7 Questions to Ask Before Buying a Franchise with Your Spouse

Questions to Ask Before Buying a Franchise

 

Thinking about buying a franchise with your significant other? Ask yourself seven important questions to determine if you and your spouse would make good business partners.

 

Couples are going into business together more than ever before. About 1.2 million Americans run a business with alongside their spouse. Companies like EventBrite, Modcloth, Panda Express and Gap were all built into major brands by married couples who found success both personally and professionally.

 

If you and your spouse share a goal of owning a business, the next step is, well, figuring out if you’re the type of couple that would likely work well as business partners.

 

The key to figuring that out is asking the right questions. Here’s seven of the most important, according to our very own spousal franchise owners. 

 

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Couples Working Together: Franchising With Your Spouse

Couples Working Together

 

About 1.2 million Americans run a business with their spouse according to a study from National Federation of Independent Businesses.

 

Obviously, spouses can and do make successful businesses partners. But if you and your significant other are thinking about becoming business partners yourselves, just about every successful business couple will tell you the same thing: it’s all about balance.

 

When you can strike this balance in your personal and professional relationship, you and your spouse can rightfully claim the ultimate title of power couple. But getting there takes diligence and some old-fashioned hard work.

 

As you might already know, there’s a lot of articles floating around warning couples against working together (usually written by those who haven’t made it work themselves). But our own franchise system and many other businesses prove these people wrong.

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3 Ways to Save Time Running Your At-Home Franchise without Cutting Corners

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There are plenty of reasons for deciding to start an at-home franchise business. Some new franchisees are looking for more free time to spend with their family while others don’t enjoy working in a “corporate” environment. Whatever the reason for starting, many new franchise owners discover that running an at-home business involves a lot more work than anticipated.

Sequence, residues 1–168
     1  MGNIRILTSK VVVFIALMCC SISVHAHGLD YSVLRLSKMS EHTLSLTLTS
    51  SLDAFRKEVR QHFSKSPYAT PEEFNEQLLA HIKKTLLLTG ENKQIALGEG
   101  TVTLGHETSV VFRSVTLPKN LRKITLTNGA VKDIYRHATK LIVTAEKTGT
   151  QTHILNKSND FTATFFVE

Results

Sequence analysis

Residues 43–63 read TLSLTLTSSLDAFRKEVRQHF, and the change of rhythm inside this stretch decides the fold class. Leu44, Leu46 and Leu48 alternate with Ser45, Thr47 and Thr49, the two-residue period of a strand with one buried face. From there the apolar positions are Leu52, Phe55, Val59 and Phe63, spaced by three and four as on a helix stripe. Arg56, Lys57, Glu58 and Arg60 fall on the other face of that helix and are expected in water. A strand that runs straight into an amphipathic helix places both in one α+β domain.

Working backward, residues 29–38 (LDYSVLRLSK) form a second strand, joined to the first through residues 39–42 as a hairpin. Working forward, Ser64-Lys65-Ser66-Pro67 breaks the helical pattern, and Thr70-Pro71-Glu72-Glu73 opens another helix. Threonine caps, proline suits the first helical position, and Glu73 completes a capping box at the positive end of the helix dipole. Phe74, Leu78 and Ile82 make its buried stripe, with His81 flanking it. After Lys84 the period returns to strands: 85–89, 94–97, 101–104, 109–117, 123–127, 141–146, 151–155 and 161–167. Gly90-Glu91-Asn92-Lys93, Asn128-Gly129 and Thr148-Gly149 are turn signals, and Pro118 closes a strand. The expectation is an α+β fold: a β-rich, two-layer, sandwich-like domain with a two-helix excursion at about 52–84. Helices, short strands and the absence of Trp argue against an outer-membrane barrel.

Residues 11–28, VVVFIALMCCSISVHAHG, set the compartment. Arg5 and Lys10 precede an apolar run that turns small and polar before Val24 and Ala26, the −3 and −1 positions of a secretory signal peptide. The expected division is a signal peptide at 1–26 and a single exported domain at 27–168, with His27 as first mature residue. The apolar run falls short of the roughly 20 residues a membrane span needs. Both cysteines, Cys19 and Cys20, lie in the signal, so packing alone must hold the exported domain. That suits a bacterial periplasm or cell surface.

New franchisees often start out very enthusiastic about running their own business from home, especially after all of the research that goes into choosing the right franchise to buy into. Before long, however, almost all new owners discover that running a business, even with franchisor support, is a lot of work!

 

Managing the day-to-day operations of the business while trying to actively market yourself can quickly become overwhelming. What was originally intended as a way to free up more time can become burdensome, which can lead to cutting corners in order to “make” more time. Read more

4 Things To Do Before and After Buying a Home-Based Franchise

Home-based franchise

 

Buying a franchise you can run from home can save new business owners a lot of money they’d otherwise have to spend on rent, extra utilities, insurance and other costs.

 

It also awards you more freedom over how you decide to run your business day-to-day. But while the benefits of home-based franchising can be alluring, it’s important to realize that not all opportunities are the same.

 

[Read Also:] Buying a Franchise in 2016: 4 Ways to Prepare Today

 

Franchises are an investment. To make that investment pay off, it’s up to you to carefully research your options and make a well-informed decision.

 

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How to Open a Franchise With Little Money

How to buy a franchise with little money

 

Whether it’s buying a franchise or starting a business from scratch, the dilemma is the same: you need money to make moneyEvery year, thousands of would-be franchise owners give up their dream of business ownership simply because they don’t have the means to get their franchise off the ground.

 

First, some much-needed perspective: Just about no franchise owner buys a franchise with all the capital they need right off the bat. Similar to buying a home, franchising only requires a few fees up-front while other expenses can be offset by the revenue you bring in through the business. 

 

Just about every new business owner and franchisee finances their endeavor one way or another, even when they have the cash to spend. If you’re in need of some funding help, here are three ways to open a franchise with little cash:

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